Wednesday, January 10, 2007

SURPRISE, SURPRISE DENISH RUNNING FOR GUV IN 2010


Here's a link to my profile of Lt. Gov. Diane Denish and her desire to run for governor in 2010. CLICK HERE

I also wrote a sidebar about the history of lieutenant govs running for governor or higher office.

Speaking of which, I just got off the phone with former Lt. Gov. Walter Bradley, who agreed there's great difficulty with a sitting light guv running for governor.

"Whatever baggage the governor has, that's going to be your baggage too, no matter what his accomplishments were," Bradley said.

In his case, Bradley noted, it was Gov. Gary Johnson's call for drug law reform that hurt him in the Republican primary -- even though Bradley didn't back Johnson on this issue.

He also said it's tough to run from that position because after eight years voters often are looking for a change, and the lieutenant governor usually is seen as part of the old administration.

Here's my side bar:

A version of this was published in The Santa Fe New Mexican
January 10, 2007


Lt. Gov. Diane Denish not only wants to be New Mexico’s first female governor, she wants to be the first lieutenant governor to be elected governor.

Although several have tried, no lieutenant governor in the state’s history has succeeded in winning a governor’s race in this state.

In 2002, Walter Bradley, who served in the No. 2 post for eight years under Gov. Gary Johnson, lost the Republican primary to state Rep. John Sanchez.

In 1994, incumbent Democratic Gov. Bruce King was challenged in a bitter primary race by his lieutenant governor, Casey Luna. King won the primary but lost to Johnson in the general election.

Roberto Mondragon, who had served two previous terms under King, ran unsuccessfully for governor that year on the Green Party ticket.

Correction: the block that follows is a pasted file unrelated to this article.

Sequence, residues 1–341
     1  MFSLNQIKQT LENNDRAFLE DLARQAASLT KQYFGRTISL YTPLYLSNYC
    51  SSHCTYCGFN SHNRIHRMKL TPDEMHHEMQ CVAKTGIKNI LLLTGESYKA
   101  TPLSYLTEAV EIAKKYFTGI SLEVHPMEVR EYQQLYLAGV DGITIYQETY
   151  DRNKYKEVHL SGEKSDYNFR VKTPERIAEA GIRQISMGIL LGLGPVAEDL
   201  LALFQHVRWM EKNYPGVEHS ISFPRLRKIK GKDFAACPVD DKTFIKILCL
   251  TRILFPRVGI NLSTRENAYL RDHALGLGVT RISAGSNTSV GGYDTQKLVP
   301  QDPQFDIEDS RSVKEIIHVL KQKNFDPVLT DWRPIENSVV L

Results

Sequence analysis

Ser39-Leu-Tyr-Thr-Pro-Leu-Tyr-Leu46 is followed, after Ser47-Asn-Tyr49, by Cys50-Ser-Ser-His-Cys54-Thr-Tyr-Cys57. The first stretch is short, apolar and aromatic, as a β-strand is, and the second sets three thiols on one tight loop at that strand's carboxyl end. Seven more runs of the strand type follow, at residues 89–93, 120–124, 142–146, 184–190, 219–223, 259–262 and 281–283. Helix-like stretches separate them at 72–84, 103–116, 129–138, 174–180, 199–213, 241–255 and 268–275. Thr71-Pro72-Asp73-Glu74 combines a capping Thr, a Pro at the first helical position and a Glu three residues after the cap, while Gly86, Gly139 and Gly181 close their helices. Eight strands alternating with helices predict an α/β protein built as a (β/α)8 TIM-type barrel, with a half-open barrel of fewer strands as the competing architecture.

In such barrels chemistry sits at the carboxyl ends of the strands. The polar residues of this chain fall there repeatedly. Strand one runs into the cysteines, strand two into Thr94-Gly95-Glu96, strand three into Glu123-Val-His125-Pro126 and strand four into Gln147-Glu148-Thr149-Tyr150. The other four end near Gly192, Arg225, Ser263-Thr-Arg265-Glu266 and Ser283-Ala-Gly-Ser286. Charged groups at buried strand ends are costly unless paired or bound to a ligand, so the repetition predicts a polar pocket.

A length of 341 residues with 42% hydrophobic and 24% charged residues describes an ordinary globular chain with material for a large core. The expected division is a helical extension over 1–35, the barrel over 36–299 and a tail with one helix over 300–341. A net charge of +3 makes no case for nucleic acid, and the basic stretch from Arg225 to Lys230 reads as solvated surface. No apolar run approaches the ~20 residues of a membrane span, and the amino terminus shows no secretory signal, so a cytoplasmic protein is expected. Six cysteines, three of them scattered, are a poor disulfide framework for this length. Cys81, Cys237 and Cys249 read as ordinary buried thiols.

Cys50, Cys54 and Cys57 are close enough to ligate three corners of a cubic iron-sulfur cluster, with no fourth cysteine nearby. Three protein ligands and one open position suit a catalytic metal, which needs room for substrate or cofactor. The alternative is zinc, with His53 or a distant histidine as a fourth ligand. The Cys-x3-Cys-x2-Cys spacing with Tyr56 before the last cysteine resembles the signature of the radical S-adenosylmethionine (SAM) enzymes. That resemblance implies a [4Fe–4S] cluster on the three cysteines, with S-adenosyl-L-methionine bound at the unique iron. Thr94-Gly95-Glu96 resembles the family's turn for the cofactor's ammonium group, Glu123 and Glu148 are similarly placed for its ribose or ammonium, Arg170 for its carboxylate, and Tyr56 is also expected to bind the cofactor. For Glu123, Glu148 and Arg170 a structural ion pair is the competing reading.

Back in 1978, Lt. Gov. Bob Ferguson, who served under Gov. Jerry Apodaca, ran for governor but lost to King in the primary.

The only lieutenant governors to assume the governor’s chair were Tom Bolack — who took the office after Gov. Ed Mechem stepped down to take a vacant U.S. Senate seat — and the state’s first lieutenant governor, Washington Lindsey, who assumed power after the state’s first governor, Ezequiel C de Baca, died.

The most successful lieutenant governor in terms of achieving higher office was Joseph Montoya, who was elected to four two-year lieutenant governor terms in the 1940s and 1950s. Montoya later was elected to the U.S. House of Representatives and to the U.S. Senate.

Mack Easley, who served under Gov. Jack Campbell in the early 1960s, went on to win a state Senate seat and later was appointed, then elected to the state Supreme Court.

Mike Runnels, who served under Gov. Toney Anaya in the 1980s, was elected district attorney of Cibola, Sandoval and Valencia counties in the 1990s. But he lost two bids for the District 2 congressional seat once held by his father, Harold Runnels.

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